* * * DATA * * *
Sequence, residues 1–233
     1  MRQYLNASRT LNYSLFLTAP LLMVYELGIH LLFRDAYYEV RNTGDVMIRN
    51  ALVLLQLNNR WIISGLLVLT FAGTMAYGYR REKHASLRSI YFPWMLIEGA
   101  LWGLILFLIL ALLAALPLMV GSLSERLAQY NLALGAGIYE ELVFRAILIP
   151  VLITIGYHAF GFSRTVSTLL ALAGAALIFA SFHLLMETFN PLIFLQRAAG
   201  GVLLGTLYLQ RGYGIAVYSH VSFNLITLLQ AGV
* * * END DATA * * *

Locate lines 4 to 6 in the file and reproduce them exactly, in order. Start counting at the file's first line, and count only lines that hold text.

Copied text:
   101  LWGLILFLIL ALLAALPLMV GSLSERLAQY NLALGAGIYE ELVFRAILIP
   151  VLITIGYHAF GFSRTVSTLL ALAGAALIFA SFHLLMETFN PLIFLQRAAG
   201  GVLLGTLYLQ RGYGIAVYSH VSFNLITLLQ AGV